Pigment archival print 2014
As for many Japanese expats, the spring of 2011 was a time of worry and detachment. I struggled to comprehend what effect the Fukushima nuclear disaster had had on my homeland. News reports ­ arriving by the day/hour/minute ­ carried ever more alarming scenarios: would wind­blown radioactivity mean that Tokyo would need to be evacuated?
The following year, I made my first trip back. Traveling through familiar neighborhoods, I noticed a subtle change. Convenience stores, restaurants, city lights didn’t sparkle quite as much as they used to. I remembered that I’d read that there’d been a push by the government for everyone to use less electricity and realized this was the effect. I began to think about how I might document this.
For me, one of the most striking examples of this was with the gigantic pachinko parlors that line many of Japan’s busy state roads. While still lit up like Las Vegas well into the night, they were now turning their lights out once they locked their doors. I started exploring the landscape in late nights and early mornings, in search of these darkened lights shows.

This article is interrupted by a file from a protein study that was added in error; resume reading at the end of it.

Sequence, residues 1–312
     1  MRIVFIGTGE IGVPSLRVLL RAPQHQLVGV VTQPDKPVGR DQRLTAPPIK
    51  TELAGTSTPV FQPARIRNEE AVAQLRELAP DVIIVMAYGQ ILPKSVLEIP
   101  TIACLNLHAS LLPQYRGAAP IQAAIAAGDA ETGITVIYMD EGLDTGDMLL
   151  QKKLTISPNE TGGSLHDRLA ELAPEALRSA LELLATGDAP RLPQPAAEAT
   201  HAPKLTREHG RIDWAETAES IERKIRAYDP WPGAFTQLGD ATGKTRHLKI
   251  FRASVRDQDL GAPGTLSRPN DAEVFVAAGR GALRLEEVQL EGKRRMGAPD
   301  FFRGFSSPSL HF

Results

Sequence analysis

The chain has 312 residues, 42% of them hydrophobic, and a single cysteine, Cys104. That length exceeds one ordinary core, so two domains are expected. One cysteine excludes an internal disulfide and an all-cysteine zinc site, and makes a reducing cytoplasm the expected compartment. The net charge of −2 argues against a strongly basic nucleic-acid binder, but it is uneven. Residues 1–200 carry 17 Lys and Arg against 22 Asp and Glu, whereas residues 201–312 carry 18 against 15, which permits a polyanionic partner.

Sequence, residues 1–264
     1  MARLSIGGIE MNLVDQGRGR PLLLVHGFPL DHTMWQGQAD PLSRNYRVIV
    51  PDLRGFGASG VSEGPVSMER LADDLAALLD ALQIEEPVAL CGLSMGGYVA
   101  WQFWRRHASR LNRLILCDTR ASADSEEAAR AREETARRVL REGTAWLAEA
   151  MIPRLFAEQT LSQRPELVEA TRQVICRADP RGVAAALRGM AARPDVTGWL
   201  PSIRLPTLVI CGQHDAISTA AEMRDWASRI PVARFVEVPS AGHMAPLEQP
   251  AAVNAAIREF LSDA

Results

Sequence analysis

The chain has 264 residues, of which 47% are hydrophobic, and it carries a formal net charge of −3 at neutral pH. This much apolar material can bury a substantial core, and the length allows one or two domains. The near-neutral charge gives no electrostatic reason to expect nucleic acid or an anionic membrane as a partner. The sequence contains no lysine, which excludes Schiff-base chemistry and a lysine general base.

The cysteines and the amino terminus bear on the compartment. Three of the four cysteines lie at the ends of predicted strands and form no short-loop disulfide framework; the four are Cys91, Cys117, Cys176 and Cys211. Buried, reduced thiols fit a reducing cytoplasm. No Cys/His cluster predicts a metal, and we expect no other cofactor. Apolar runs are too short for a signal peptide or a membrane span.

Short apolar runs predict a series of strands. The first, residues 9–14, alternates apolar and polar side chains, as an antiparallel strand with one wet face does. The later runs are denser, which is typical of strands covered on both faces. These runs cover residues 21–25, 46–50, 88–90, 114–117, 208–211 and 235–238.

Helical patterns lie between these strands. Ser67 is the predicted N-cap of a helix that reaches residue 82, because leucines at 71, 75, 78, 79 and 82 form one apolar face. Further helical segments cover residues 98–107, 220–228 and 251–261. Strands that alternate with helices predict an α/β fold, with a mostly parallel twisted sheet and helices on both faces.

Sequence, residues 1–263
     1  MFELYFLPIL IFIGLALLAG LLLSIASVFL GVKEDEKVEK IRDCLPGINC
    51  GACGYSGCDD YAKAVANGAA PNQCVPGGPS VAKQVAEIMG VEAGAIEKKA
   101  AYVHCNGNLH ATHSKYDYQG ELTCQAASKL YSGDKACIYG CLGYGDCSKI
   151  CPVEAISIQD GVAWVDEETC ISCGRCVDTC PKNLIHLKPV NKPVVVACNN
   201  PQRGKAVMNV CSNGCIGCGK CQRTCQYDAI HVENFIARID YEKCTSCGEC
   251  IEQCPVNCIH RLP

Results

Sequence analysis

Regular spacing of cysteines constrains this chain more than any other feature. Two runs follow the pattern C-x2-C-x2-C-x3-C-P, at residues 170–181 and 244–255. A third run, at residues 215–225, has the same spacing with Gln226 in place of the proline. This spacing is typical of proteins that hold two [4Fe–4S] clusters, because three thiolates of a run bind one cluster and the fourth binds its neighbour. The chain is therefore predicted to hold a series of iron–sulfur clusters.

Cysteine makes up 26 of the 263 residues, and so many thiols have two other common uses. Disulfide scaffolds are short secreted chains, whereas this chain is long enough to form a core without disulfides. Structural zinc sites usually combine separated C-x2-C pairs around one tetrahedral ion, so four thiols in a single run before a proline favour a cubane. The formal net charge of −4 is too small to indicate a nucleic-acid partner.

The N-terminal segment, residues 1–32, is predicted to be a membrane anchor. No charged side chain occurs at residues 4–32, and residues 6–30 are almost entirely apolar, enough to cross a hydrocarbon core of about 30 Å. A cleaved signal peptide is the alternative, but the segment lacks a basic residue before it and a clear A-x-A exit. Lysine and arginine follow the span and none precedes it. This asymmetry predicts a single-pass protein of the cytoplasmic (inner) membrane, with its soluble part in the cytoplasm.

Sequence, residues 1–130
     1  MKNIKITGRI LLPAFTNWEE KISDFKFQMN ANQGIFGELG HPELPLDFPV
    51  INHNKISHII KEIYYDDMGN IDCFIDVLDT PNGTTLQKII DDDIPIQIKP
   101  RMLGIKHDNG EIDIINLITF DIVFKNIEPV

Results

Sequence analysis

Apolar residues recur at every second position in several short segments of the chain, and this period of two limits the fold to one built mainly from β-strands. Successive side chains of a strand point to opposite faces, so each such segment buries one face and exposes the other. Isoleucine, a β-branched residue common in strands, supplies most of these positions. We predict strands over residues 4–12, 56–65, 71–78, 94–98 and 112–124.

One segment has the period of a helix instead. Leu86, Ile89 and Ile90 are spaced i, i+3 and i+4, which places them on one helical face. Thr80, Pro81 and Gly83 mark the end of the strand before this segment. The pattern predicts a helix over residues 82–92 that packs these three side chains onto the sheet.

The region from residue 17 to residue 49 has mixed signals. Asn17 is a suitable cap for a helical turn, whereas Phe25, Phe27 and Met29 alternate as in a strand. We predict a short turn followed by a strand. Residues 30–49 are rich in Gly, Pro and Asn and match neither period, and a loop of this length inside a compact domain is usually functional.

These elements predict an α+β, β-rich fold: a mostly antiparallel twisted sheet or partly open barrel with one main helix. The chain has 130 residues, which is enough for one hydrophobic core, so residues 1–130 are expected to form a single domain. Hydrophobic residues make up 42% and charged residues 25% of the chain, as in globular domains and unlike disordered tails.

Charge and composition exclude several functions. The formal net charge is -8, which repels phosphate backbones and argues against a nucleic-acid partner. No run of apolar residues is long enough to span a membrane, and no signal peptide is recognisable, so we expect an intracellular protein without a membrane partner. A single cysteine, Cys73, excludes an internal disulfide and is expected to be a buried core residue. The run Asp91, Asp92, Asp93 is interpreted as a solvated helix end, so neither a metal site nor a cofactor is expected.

I loved this contradiction as it related to photography, a process that ­ by its very nature ­ requires light to create images. What emerged in the pictures were buildings that ­ while intensely familiar to me ­ were now strange and alien. Previously hidden by thousands upon thousands of light bulbs, they now looked as though they’d come from the bottom of the sea, like a sort of Atlantis that had been dropped into these familiar surroundings.
In the end, what I was pursuing was a way to reveal these forms through the absence of light, to make photographs of the darkness itself.
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